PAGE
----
John Locke Foundation’s Roy Cordato writes for Real Clear Policy that Bernie Sanders and Democratic nominee for Congress in New York, Alexandria Ocasio-Cortez, are not actually socialists as they describe themselves.

What is socialism? Merriam-Webster defines it as “any of various economic and political theories advocating collective or governmental ownership and administration of the means of production and distribution of goods.” If someone is going to call him or herself a socialist, then, at a minimum, he or she needs to advocate for government ownership of the means of production, i.e., industry. One is only a socialist to the extent that he or she does this.

Cordato writes that the foundation of every socialist economy is the nationalization of key industries, as seen in dictatorial regime like Cuba, Russia, Venezuela, and North Korea. But, Sanders and Ocasio-Cortez are not calling for the nationalization of industries that they open repudiate, such as coal or banking.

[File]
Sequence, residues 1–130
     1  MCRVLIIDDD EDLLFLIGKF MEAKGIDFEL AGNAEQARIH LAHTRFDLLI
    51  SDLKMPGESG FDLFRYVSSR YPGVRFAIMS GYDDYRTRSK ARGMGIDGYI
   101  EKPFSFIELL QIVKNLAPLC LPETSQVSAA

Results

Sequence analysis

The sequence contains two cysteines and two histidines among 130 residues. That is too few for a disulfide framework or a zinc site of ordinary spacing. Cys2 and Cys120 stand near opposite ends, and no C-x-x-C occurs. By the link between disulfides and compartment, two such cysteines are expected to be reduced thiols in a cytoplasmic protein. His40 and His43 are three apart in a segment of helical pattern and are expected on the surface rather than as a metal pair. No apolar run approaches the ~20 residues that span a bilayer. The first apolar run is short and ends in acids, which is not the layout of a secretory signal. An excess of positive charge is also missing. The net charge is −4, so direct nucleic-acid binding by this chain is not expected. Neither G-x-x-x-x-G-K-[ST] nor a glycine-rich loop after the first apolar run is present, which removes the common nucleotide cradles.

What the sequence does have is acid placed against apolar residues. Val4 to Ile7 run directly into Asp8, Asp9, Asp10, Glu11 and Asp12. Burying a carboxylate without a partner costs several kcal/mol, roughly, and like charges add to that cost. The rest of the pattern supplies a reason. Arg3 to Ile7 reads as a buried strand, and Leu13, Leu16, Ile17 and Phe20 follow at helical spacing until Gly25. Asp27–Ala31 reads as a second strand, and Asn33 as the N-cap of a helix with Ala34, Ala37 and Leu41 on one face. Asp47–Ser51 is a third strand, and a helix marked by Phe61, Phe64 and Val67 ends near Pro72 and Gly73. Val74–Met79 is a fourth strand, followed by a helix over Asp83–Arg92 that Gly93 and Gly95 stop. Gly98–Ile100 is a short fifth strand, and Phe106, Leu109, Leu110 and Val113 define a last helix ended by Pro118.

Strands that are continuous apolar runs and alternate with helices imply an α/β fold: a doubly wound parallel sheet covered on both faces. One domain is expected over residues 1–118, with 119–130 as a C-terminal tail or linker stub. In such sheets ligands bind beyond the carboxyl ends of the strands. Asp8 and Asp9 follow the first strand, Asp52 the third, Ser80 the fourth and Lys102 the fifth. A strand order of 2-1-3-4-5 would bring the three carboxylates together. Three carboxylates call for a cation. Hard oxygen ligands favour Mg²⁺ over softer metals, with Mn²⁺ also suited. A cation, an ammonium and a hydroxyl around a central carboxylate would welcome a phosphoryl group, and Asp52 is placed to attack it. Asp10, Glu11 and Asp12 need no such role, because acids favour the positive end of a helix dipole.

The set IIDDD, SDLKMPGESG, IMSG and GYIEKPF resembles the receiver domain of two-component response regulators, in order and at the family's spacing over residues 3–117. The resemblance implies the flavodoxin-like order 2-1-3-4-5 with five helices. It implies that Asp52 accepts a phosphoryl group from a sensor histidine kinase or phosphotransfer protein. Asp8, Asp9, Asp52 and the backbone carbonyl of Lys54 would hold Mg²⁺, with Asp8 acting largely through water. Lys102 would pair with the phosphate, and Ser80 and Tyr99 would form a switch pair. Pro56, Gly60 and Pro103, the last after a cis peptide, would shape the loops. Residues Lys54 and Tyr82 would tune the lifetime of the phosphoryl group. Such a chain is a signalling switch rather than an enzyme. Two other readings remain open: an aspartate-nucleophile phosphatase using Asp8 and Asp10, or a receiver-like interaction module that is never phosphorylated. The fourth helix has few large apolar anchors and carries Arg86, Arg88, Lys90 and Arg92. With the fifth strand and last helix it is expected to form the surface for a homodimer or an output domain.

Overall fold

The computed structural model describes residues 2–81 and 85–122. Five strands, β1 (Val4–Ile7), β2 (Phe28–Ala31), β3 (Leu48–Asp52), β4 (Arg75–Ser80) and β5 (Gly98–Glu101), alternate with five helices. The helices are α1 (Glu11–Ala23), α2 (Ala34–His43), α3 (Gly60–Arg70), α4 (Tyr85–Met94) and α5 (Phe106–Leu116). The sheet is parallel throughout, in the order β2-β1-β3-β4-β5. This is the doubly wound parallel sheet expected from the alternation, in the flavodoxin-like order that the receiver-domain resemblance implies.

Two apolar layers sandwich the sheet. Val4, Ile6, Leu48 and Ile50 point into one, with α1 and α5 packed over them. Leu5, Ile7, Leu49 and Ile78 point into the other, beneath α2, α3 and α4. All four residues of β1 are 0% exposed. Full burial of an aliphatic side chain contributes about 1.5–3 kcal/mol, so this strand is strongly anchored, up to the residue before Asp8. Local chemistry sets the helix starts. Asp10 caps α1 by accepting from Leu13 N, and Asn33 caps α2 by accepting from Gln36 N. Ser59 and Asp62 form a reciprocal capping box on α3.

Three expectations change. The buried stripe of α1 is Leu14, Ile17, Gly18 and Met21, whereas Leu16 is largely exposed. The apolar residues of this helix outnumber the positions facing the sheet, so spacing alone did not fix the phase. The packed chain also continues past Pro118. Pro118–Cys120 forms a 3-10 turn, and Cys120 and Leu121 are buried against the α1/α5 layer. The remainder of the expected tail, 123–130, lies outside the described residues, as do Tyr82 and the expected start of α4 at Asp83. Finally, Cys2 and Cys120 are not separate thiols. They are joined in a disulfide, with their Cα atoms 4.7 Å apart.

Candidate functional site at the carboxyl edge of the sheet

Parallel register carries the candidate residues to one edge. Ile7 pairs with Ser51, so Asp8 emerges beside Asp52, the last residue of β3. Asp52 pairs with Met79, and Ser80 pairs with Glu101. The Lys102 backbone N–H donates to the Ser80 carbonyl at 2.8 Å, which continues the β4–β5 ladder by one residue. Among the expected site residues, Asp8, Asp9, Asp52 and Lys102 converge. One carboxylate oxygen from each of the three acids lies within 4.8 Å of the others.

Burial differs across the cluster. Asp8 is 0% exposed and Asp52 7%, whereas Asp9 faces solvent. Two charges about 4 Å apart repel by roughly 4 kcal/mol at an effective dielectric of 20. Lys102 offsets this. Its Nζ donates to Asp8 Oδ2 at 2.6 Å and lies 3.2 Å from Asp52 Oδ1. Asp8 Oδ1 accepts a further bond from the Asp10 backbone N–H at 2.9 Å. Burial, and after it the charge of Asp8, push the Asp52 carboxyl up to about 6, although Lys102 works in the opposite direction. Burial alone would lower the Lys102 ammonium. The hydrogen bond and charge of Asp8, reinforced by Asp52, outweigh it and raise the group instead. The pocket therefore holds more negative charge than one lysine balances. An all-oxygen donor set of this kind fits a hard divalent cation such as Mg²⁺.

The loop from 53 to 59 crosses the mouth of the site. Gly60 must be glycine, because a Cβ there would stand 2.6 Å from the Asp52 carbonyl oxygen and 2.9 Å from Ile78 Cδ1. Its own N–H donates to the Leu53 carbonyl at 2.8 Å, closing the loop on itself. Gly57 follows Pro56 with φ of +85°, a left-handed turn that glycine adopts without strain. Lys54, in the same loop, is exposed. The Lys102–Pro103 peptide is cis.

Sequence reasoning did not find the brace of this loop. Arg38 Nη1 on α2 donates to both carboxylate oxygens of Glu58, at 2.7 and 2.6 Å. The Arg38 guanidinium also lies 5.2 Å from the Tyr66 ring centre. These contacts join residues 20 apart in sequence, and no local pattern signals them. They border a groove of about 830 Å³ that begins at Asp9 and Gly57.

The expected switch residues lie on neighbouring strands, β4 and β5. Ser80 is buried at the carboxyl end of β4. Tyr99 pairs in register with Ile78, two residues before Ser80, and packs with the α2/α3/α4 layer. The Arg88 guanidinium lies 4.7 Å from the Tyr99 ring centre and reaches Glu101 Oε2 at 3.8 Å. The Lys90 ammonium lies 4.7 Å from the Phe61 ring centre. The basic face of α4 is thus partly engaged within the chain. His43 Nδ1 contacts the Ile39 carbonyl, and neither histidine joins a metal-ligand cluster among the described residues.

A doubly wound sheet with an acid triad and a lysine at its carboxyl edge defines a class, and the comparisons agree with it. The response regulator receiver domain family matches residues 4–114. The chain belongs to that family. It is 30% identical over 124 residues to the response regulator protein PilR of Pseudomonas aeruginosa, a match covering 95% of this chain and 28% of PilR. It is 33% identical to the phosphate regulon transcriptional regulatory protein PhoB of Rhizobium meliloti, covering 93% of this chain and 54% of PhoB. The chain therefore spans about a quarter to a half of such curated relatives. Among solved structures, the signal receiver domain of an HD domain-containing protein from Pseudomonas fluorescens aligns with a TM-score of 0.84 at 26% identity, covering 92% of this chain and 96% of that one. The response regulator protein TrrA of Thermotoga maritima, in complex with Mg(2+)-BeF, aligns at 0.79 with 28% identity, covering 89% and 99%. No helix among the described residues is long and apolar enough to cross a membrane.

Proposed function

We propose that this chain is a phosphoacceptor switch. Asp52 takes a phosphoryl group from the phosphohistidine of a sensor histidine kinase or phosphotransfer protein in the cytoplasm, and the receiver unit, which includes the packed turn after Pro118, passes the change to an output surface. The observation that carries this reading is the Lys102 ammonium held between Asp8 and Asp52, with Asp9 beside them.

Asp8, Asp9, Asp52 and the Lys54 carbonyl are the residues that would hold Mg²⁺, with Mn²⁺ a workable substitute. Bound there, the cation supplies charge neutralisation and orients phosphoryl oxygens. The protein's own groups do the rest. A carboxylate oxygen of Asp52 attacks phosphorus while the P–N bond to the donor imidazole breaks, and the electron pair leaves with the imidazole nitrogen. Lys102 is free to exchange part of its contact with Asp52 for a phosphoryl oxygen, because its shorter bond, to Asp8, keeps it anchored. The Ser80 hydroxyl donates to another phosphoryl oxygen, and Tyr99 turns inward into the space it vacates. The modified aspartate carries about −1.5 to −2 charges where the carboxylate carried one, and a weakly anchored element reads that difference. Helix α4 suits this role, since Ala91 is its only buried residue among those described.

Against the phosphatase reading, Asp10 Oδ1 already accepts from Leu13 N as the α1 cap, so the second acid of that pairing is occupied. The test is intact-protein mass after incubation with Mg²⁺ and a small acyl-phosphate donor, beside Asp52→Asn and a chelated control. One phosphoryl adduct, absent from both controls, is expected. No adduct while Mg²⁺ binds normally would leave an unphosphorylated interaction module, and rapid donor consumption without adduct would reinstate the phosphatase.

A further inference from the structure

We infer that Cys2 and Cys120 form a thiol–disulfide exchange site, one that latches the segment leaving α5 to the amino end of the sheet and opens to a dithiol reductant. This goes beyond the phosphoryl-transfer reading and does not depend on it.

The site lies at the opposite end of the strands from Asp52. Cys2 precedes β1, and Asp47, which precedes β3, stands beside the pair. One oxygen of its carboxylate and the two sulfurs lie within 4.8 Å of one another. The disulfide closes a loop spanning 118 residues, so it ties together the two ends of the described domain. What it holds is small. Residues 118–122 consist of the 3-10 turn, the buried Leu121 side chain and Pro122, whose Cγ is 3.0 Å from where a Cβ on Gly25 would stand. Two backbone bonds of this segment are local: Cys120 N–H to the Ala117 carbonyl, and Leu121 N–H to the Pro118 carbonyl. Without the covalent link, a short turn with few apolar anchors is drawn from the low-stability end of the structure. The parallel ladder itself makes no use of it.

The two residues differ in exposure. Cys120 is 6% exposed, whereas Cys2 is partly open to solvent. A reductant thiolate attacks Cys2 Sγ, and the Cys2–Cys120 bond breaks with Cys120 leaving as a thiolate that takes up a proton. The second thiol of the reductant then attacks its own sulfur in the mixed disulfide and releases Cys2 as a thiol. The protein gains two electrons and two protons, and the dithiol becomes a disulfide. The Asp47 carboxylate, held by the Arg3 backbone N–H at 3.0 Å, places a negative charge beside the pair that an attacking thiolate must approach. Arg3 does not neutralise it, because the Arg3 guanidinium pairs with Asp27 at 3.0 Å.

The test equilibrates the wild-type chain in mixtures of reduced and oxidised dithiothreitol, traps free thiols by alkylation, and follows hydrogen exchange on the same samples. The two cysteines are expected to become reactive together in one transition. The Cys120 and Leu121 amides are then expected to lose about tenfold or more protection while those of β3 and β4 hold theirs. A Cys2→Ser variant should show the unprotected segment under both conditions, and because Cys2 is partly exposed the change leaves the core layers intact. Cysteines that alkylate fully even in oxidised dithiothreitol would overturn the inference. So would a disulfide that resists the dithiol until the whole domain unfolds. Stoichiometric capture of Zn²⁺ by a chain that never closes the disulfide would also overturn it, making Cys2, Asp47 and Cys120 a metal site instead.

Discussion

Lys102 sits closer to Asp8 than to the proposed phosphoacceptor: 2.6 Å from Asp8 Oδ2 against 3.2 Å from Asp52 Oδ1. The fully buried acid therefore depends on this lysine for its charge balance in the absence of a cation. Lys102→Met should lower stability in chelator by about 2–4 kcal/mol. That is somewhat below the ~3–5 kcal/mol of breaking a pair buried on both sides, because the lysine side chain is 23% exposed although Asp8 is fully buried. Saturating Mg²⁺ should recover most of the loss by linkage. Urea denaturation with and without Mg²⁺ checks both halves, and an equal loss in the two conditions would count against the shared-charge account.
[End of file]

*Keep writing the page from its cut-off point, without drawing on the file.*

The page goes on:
If the self-proclaimed socialists of the Democratic Party are not socialists, what are they? First and foremost, they are unshackled welfare statists, directed by a morality that values, above all, a form of outcome-based egalitarianism. As a result, they favor all-encompassing government programs thought to minimize income inequality and the outcomes that flow from such inequalities. As we have seen, this includes a steeply progressive income-tax system, government control of payments for health-care services, tuition-free higher education, guaranteed employment, etc. But note that none of their proposed programs seeks to nationalize any industries. What they do seek is to equalize the benefits these industries provide through one or another kind of government payment scheme.

In the area of economic policy, these self-proclaimed socialists embrace, not socialism, but what is called “dirigisme,” which Merriam-Webster defines as a system that embraces “economic planning and control by the state.”

Read more about dirigisme in Roy’s piece here.